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    \2\ For purposes of 49 U.S.C. 31303, a CMV is defined generally 
as a vehicle used in commerce that is at or above 26,001 pounds 
gross vehicle weight or weight rating, used to transport 16 or more 
passengers (including the driver), or is used to transport 
placardable hazardous materials (49 U.S.C. 31301(4)). With limited 
exceptions, a driver of such a CMV is required to hold a commercial 
driver's license (CDL). This definition of CMV is reflected in Sec.  
383.5.
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    Accordingly, a June 1, 1987, final rule added a new paragraph 
(b)(11) to Sec.  391.21 (52 FR 20589). Paragraph (b)(11) requires that 
drivers applying to operate a CMV, as defined by part 383, must provide 
a list of the names and

[[Page 8499]]

addresses of the employers for which the applicant was an operator of a 
CMV during the 7-year period preceding the 3 years of employment 
history required by Sec.  391.21(b)(10), together with the dates of 
employment and the reasons for leaving such employment. Therefore, 
drivers applying to operate a CMV that requires a CDL must provide 
their experience operating such CMVs during the prior 10 years. The 
final rule also added Sec.  383.35, Notification of previous 
employment, to the CDL standards. That section requires a prospective 
driver to provide, and the employer to request, at the time of 
application for employment the same information requested in Sec.  
391.21(b)(11) regarding a driver's experience operating a CMV that 
requires a CDL during the prior 10 years.
    In 1997, as part of a review of the Federal Motor Carrier Safety 
Regulations (FMCSRs), FHWA proposed to remove the requirement in Sec.  
391.11(b) to complete and furnish an employment application as a driver 
qualification standard (62 FR 3855, Jan. 27, 1997). FHWA noted that the 
driver qualification standards in Sec.  391.11 ``are designed to 
protect the safety of the motoring public by not permitting a person to 
drive a CMV who lacks the essential abilities to perform his/her duties 
safely'' (62 FR 3857). FHWA stated, however, that completing and 
furnishing an employment application were not driver qualification 
standards, but rather actions that enable motor carriers to evaluate 
the competence of applicants for CMV driver positions. FHWA stated 
further that the failure of a CMV driver to complete and furnish an 
application to his or her employing motor carrier should not result in 
the CMV driver being unqualified to drive. The proposal to remove an 
employment application as a driver qualification standard in Sec.  
391.11(b) was not intended to affect the responsibility of CMV drivers 
to complete and furnish the motor carriers that employ them with 
employment applications containing certain information as required by 
Sec.  391.21 (see 62 FR 3858).
    In its comments to the 1997 proposal, the American Trucking 
Associations, Inc. (ATA) opposed removing the requirement in Sec.  
391.11(b) that a CMV driver furnish the employing motor carrier with an 
employment application. It stated that completion of an application for 
employment is fundamental to the process of selecting safe CMV drivers 
and was published as a trucking industry safety standard in 1939, 12 
years before it was incorporated into the FMCSRs. ATA believed the 
deletion of the driver qualification standard would prevent motor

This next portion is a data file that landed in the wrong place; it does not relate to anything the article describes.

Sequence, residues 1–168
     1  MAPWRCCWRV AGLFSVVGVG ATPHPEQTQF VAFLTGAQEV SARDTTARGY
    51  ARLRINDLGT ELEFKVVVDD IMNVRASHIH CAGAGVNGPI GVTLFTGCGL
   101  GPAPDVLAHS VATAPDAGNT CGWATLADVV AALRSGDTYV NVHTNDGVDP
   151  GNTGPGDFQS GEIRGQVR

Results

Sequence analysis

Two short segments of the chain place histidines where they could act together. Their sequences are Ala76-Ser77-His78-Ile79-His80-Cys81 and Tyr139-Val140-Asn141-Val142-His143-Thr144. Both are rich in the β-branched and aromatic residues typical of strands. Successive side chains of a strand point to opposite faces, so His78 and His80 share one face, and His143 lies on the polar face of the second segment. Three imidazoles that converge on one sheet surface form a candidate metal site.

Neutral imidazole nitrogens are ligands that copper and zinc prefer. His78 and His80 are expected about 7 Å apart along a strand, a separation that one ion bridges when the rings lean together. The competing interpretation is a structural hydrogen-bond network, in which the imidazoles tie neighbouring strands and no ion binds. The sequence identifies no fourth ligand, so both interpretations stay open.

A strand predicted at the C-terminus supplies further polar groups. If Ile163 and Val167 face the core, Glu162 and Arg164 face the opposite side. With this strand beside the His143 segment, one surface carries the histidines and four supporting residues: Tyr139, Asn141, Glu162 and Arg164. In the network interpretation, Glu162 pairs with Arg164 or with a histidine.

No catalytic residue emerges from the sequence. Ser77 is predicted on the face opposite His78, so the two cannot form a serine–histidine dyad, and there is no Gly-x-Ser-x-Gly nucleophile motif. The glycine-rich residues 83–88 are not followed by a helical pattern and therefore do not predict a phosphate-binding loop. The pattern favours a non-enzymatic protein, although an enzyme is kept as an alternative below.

carriers from gathering information to determine applicants' 
qualifications in accordance with Sec.  391.21 (63 FR 33260, June 18, 
1998).
    FHWA reasoned in the June 18, 1998, final rule that a ``driver's 
application for employment is not a `qualification' per se. The revised 
heading of Sec.  391.11 as `General qualifications' clarifie[d] the 
intent to include performance-oriented qualifications'' (63 FR 33260). 
FHWA considered an application for employment simply a presentation of 
a recordkeeping document, and removed the requirement for an employment 
application as a qualification standard from Sec.  391.11(b) as 
proposed. FHWA noted specifically that it was not revising or removing 
Sec.  391.21 (63 FR 33260).
    In 2004, FMCSA amended Sec.  391.21 in response to section 114 of 
the Hazardous Materials Transportation Authorization Act of 1994 (Pub. 
L. 103-311, 108 Stat. 1673, 1677, Aug. 26, 1994). Section 114 directed 
the Secretary to amend Sec.  391.23, Investigations and inquiries, to 
specify the minimum safety information to be investigated from previous 
employers as part of performing the required safety background 
investigations on driver applicants. Section 114 requires a motor 
carrier, at minimum, to investigate a driver's accident record and 
alcohol and controlled substances history from all employers the driver 
worked for within the previous 3 years.
    The March 30, 2004, Safety Performance History of New Drivers final 
rule amended Sec.  391.21(b)(10) (69 FR 16719). Paragraph (b)(10) 
required that a prospective driver must include on the employment 
application a list of the names and addresses of the applicant's 
employers during the 3 years preceding the date the application was 
submitted, the dates employed, and the reason for leaving each 
employer. Language was added to require information regarding whether 
the applicant was subject to the FMCSRs while employed by each previous 
employer, and whether the job was designated as a safety sensitive 
function in any DOT regulated mode subject to alcohol and controlled 
substances testing requirements.
    In the same rulemaking, FMCSA also amended Sec.  391.21(d), which 
provided that, before an application was submitted, the motor carrier 
must inform the applicant that the information he or she provides in 
accordance with paragraph (b)(10) may be used, and the applicant's